Any one of those items would be totally out of step with helping Resident Homeowners. But there are 6, strongly impacted by # 3 & 4. Being held captive in a City or 501-c-3 situation is not the American Way, not the “intent of the Legislature”, and, as well-stated by an Appellate Judge (Craig vs. City of Poway, “33334.2 Legislative history – ‘improve’ means to make available less expensive or make already inexpensive less expensive.” [Ex. #9]

There are thousands of MHP Resident Homeowners in this situation (City or 501-c3). This is so easy. There are no “Investors/Landowners, i.e., WMA. The City must support, and thus earn Resident Voter approval. The City will be in compliance with the State mandated plan.

The City or 501-c-3 entity will be carrying out their duties in compliance with IRS and State rules, confirmed with IRS.

The Residents will enjoy for the first time an elimination of the ever-increasing housing cost of ground rent. The Residents will now be able to sell and buy their homes in the normal finance market.

The State will enjoy Cities and Counties complying with the rules --- no cost to anyone!!!

This is a joyous win-win-win-win situation for all…comments on (C) (9) a, b, c are welcome.

Friday, October 28, 2011

Tools to mitigate mobile home park closure, Santa Maria

Tools to mitigate mobile home park closure

Ron Faas/Looking Forward | Posted: Friday, October 28, 2011 12:00 am | (0) Comments

Further delay in the county’s release of the draft mobile home park closure conversion ordinance provides an opportunity to review the history of such ordinances, and to highlight relocation assistance as a mitigation measure.

First, a closure conversion to another land use is different from a condo/subdivision conversion changing ownership of individual spaces. State law treats each differently in what standards local jurisdictions are allowed to adopt.

The county can only require a proposed condo/subdivision conversion conform to state law, and cannot apply more stringent local standards. On the other hand, the applicable state requirements for closure conversions allow for additional regulation at the local level.

With inadequate protection from current state law, several jurisdictions worked with the Golden State Manufactured-home Owners League (GSMOL) during 2000-04 to more adequately protect mobile home residents from park closure by adopting clear, specific requirements for mitigating negative impacts on displaced residents.

In trying to create a model closure conversion ordinance that was air tight and defensible in court, Huntington Beach and Seal Beach faced the most scrutiny. Several years of extensive research in the development of the ordinance adopted by San Luis Obispo County in 2008 found key components common in these and other ordinances.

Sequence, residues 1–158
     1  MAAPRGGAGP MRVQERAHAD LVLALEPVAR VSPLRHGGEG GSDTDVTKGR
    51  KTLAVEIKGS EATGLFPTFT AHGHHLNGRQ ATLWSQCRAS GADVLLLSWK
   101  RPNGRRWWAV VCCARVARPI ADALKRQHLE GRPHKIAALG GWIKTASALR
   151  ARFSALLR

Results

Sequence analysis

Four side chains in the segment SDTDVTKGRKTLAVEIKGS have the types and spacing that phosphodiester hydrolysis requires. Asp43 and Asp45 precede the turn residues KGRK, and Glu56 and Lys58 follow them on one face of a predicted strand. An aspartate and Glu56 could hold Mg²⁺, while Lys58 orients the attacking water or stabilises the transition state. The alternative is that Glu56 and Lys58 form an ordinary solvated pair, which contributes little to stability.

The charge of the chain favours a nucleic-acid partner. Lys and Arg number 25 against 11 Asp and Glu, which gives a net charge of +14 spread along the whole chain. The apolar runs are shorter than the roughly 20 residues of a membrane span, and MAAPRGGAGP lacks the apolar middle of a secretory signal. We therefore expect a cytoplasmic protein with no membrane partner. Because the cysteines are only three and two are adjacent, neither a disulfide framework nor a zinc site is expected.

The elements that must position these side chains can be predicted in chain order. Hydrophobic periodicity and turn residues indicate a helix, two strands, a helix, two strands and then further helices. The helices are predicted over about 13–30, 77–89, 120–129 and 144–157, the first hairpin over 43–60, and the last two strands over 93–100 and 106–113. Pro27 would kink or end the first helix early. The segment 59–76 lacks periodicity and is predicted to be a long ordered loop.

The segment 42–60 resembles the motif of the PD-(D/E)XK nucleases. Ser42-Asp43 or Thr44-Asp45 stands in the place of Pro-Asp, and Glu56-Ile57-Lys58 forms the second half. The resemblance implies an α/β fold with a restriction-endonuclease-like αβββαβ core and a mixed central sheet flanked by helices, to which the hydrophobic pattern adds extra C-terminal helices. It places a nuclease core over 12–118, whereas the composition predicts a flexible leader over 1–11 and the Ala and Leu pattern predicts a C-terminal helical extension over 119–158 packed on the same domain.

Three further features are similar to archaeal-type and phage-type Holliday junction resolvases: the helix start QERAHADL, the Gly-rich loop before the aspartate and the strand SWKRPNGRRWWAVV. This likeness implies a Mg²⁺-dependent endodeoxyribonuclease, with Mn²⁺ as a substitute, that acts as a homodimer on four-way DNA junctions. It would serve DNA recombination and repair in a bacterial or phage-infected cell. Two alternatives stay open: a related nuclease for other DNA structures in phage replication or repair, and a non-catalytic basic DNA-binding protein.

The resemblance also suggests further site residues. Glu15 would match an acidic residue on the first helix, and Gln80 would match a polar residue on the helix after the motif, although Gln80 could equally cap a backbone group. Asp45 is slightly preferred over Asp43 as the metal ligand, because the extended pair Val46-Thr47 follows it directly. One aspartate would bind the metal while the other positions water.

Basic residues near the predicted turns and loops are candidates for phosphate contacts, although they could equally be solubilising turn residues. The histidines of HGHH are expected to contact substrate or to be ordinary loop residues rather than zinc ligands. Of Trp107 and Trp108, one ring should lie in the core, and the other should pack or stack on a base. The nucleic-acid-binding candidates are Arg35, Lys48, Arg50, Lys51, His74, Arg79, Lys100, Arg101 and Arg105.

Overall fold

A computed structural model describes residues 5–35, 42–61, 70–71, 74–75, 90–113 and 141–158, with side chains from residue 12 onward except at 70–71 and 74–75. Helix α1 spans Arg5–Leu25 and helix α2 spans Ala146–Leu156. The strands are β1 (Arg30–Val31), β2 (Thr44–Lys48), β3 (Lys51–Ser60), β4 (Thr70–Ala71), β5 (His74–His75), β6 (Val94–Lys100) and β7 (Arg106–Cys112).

These components are grouped under two major categories — conversion impact report, and relocation assistance.

Relocation assistance components include a relocation plan, relocation specialist, comparable replacement housing, notice period to move, pay relocation costs, cover higher space rent in new park and buy in-place market value. Each of these key components is in ordinances adopted by Huntington Beach (GSMOL model ordinance), Seal Beach, San Juan Capistrano and San Luis Obispo, as well as San Luis Obispo County.

San Juan Capistrano has been going through a closure conversion for which a relocation impact report required by the ordinance was professionally prepared in 2008, and updated this past May. The mitigation measures proposed in the report illustrate the kind of relocation assistance required by these ordinances.

These include payment of the cost of physically moving the mobile home and movable improvements; payment of first and last months’ rent and security deposit at the new mobile home park; and payment of a rental differential to compensate for the difference in rent, if any, at the old and new mobile home parks during the first year of tenancy.

Also, payment of all reasonable moving expenses incurred in moving to a new location up to 50 miles; and for homeowners who are unable to reasonably relocate their mobile homes, payment of fair market value for their mobile home.

During this closure conversion process, the city of San Juan Capistrano apparently felt sufficiently confident to add more stringent requirements in amending its ordinance in 2010, as did Seal Beach. It is significant that while amending and strengthening their ordinances, both cities kept the in-place market values component.

It is important to note there have been almost no closures in jurisdictions that have adopted closure conversion ordinances with the key components found in the SLO County ordinance presented to Santa Barbara County as a model.

One exception is Monterey Park, which, under a redevelopment plan, completed a full impact report, closed a mobile home park, following to the letter the state code, and moved residents, in stages, into wonderful new affordable housing units, equivalent or better than the mobile homes they were living in before.

Ron Faas is legislative action team coordinator for the Northern Santa Barbara County Manufactured Homeowners Team, and a resident of Sunnyhills Mobile Home Park. He can be reached at Looking Forward runs every Friday, providing a progressive viewpoint on local issues.